In a third study published in 2021, Wittmann and Maximilian Müller tested remote viewing ability under two conditions: clairvoyance of binary targets in the present moment and precognition of targets that are determined randomly in the future. Using independent judging of viewers’ reports, present moment remote viewing produced highly significant scoring (p < 0.001). Precognitive remote viewing was less successful but still significant (p = 0.027), the difference between the conditions being significant (p = 0.003). Contrary to previous research, this finding points towards a temporal dependency of psi scoring. Wittmann and Müller discuss these and other such findings in terms of a probabilistic understanding of the future.11

Michael Duggan


Bauer, E. & von Lucadou, W. (1987). Parapsychologie in Freiburg - Versuch einer Bestandsaufnahme. Zeitschrift für Parapsychologie und Grenzgebiete der Psychologie 29/4, 241-82.

Bauer, E., Belz, M., Fach, W., Fangmeier, R., Schupp-Ihle, C. & Wiedemer, A. (2012). Counselling at the IGPP - an overview. In Perspectives of Clinical Parapsychology. An introductory reader, ed. by W.H. Kramer, E. Bauer & G.H. Hövelmann, 149-67. Bunnik: Stichting Het Johan Borgman Fonds.

Brascamp J, Sterzer P, Blake R, Knapen T. Multistable Perception and the Role of the Frontoparietal Cortex in Perceptual Inference. Annu Rev Psychol. 2018;69: 77–103. pmid:28854000

Friston, K. (2012). Prediction, perception and agency. International Journal of Psychophysiology 83, 248-52. pmid:22178504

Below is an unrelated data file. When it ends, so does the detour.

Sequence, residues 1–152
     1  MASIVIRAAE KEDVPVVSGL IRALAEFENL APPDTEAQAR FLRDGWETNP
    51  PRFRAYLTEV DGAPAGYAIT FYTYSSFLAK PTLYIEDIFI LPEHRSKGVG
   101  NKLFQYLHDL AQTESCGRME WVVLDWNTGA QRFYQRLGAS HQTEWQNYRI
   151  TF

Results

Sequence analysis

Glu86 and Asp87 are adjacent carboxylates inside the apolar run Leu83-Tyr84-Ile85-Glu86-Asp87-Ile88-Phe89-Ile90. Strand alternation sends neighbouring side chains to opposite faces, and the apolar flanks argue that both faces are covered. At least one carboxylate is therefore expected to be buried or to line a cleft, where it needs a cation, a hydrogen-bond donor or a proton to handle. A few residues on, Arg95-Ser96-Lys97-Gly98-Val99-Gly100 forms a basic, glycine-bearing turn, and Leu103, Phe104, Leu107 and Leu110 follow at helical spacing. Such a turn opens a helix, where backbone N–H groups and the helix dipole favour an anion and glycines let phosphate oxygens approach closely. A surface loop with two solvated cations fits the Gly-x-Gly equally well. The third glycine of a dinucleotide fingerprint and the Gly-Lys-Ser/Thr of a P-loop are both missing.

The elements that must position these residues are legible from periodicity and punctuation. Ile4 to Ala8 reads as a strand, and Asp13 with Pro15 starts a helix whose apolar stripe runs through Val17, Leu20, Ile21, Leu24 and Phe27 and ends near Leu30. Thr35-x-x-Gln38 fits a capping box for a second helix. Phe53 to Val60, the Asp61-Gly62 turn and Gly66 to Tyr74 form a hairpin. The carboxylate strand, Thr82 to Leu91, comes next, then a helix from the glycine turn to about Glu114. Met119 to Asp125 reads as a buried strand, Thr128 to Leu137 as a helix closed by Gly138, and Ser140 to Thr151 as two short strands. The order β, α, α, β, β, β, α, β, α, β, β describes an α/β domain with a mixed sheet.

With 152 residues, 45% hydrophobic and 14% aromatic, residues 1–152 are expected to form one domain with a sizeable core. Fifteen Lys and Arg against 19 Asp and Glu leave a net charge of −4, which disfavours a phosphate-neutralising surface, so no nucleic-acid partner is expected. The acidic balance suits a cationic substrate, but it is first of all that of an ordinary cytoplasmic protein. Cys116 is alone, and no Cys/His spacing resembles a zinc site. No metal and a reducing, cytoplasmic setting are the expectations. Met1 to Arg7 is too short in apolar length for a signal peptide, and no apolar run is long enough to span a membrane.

Kornmeier, J., Bhatia, K., Joos, E. (2021).Top-down resolution of visual ambiguity – knowledge from the future or footprints from the past? PLOS ONE 16(10): e0258667.

Mozhdehfarahbakhsh, A., Wilson, M., Kornmeier , J., Wittmann, M. (2024). Eeg and behavioral correlates of forward and backward priming. Bial Foundation 14th symposium interim report. Grant 27/22.

Müller, M., Wittmann, M. (2017). Remote Viewing: Eine Proof-of-Principle-StudieZeitschrift für Anomalistik 17, 83-104.

Müller, M., Müller, L., Wittmann, M. (2019). Predicting the stock market: An associative remote viewing study. Zeitschrift für Anomalistik 19, 326-46.

Müller, M., Wittmann, M. (2021). Anomalous Cognition in the context of time: Does the viewer describe a deterministic or a probabilistic future? Journal of Scientific Exploration 35, 542-69.

Wilson M, Wittmann M, Kornmeier J. (2024). Behavioural and EEG correlates of forward and backward priming. PsyArXiv;. Available from:

Wittmann, M., Neumaier, L., Evrard, R., Weibel, A., Schmied-Knittel, I. (2017). Subjective time distortion during near-death experiences: an analysis of reports. Zeitschrift für Anomalistik 17, 309-20.

Wittmann, M., Hurd, P. (2018). Altered States of Consciousness: Experiences Out of Time. MIT Press. Cambridge, Massachusetts.

Wittmann, M., Scheck, F., Feldmann, J., Glaesman, A.,

Mossbridge, J., Bem, D. (2021). The German version of a retroactive priming task shows mixed effects. Psychology of Consciousness: Theory, Research, and Practice.


  • 1. Bauer & Lucadou (1987).
  • 2. Bauer et al (2012).
  • 3. Brascamp et al (2018).
  • 4. Kornmeier et al (2021).
  • 5. Bem et al (2016).
  • 6. Mossbridge et al (2011).
  • 7. Wittmann et al (2021).
  • 8. Wilson et al (2024).
  • 9. Muller & Wittmann (2017).
  • 10. Muller et al (2019).
  • 11. Muller & Wittmann (2021).